Introducing: Karma Telemetry

Karma is a great test runner tool and has the capability to launch local browsers without installing multiple servers or web drivers like selenium does. Karma is a part of the AngularJS tool chain and a lot of websites use it to write unit test cases.
However, most development workflows stop at functional testing. Performance testing usually happens when a site or a component slows down. I thought it would be interesting to include a way to check for performance regressions as a part of this testing workflow. Hence Karma-telemetry.
Karma-telemetry is a karma plugin (like karma-qunit or karma-jasmine) that runs the Chromium Telemetry's smoothness and loading benchmarks for components, widgets and parts of a web page. With web components seeming to play a big part in Angular's future, this framework would also be a way to test how well each component performs and track if any perf regressions are introduced during development.
The idea was inspired by topcoat's benchmarking website. I had done a similar analysis for bootstrap and ReactJS components a few posts ago. With this now being a Karma plugin, it can be run in a NodeJS environment without having to download the entire Chromium Source code.

To add this to your website, follow the instructions in the Readme file.

Technical Details

Chromium telemetry is a python based tool that connects to a running Chrome instance using the remote debugging protocol to run various tests. The loading benchmark calculates various metrics like the time taken to render a page, DOM load time, etc. It looks at the window.performance.timing API and the Chrome timeline. The smoothness benchmark tries to calculate how janky the page scroll is, and the possible frames per second. Interestingly, both these benchmarks also give useful information in case of other browsers too.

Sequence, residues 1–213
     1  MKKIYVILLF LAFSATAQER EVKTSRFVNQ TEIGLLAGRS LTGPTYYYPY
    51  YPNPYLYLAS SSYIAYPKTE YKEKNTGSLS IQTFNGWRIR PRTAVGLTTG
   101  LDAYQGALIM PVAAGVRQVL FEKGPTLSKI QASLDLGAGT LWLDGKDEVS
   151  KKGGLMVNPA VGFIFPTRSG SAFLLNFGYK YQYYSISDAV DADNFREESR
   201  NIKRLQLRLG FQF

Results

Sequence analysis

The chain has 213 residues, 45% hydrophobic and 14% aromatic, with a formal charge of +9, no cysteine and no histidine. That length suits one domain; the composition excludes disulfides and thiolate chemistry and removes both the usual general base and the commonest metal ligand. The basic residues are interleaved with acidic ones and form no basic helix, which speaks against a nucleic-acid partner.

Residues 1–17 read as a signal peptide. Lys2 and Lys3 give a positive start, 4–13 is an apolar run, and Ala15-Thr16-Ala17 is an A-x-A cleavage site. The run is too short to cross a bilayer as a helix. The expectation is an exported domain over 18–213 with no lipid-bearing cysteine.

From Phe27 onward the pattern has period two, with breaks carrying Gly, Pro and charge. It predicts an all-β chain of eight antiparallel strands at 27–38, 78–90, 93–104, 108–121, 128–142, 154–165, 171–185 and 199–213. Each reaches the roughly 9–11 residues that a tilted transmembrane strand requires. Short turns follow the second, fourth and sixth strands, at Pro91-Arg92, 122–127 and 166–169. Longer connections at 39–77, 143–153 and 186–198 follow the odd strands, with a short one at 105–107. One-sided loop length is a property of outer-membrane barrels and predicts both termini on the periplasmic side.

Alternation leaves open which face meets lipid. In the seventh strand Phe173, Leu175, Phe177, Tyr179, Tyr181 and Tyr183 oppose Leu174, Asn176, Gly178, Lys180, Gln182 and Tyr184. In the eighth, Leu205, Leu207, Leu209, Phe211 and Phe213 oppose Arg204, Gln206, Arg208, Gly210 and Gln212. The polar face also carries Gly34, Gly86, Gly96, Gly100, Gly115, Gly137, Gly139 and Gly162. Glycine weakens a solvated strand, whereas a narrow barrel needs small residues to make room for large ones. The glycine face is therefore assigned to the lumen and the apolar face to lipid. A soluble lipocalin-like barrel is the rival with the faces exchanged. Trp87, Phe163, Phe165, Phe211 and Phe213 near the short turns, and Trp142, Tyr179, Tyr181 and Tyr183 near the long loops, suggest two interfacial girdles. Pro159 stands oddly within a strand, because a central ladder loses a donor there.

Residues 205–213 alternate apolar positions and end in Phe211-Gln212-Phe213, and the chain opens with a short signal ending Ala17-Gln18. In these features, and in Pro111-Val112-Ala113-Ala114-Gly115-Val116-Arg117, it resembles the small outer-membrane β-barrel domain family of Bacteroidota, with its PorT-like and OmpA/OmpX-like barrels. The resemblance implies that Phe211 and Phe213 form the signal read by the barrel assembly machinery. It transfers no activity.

Though telemetry claims that it can run of other browsers, some of the tests use webkit specific APIs. As a part of karma-telemetry, I was able
  1. Extract telemetry into a separate node module
  2. Remove webkit specific code so that it runs across all browsers
  3. Report test results in a way karma can consume and possibly save in a graph for regression checks. 

Inside Karma-telemetry

Karma telemetry is very similar to other karma plugins like karma-qunit and karma-jasmine. The only difference is that it does not have a Grunt build file to construct the final qunit-adapter.js from a qunit-wrapper. Instead, I baked the wrapper into the adapter which was much easier for testing. When loading, the index file loads karma in addition to a few more javascript file. These javascript files are responsible to performing the scroll and recording the metrics. The test metrics themselves are available as individual test results and reporters like karma-junit-reporter can be used to save the XML file. The reporter can also be integrated into continuous integration systems like Jenkins to and alters can be set if changes between commits are drastic.

Additions to Karma

Karma-telemetry needed some additional features in Karma. I also sent in several pull requests to add these features to Karma and Karma launchers
  • Ability to run tests in a new window instead of the usual iFrame. This can be leverage not just by karma-telemetry but also by other frameworks that do not run inside an iFrame - pull
  • Firefox Launcher - ability to add custom preferences when launching firefox- pull
  • Sauce Launcher - pass custom options to the sauce launcher and disable popups - pull and pull
  • Chrome - disable popup blocker by default - pull
Karma tests also do not run on Windows due to path problems. I also sent in a pull request for fixing the path issues so that Windows developers can run tests on Karma.

Next Steps

I am working on building a node command line utility based on this that is based on selenium to get similar results. The idea is to use services like saucelabs to be able to run the performance tests on commits and generate graphs that would alert us on regressions.

Checking for performance on every commit is hard and I think such tooling to integrate performance testing into continuous integration would help a lot of developers keep their sites fast.

Follow my blog's feed for my experiments on performance.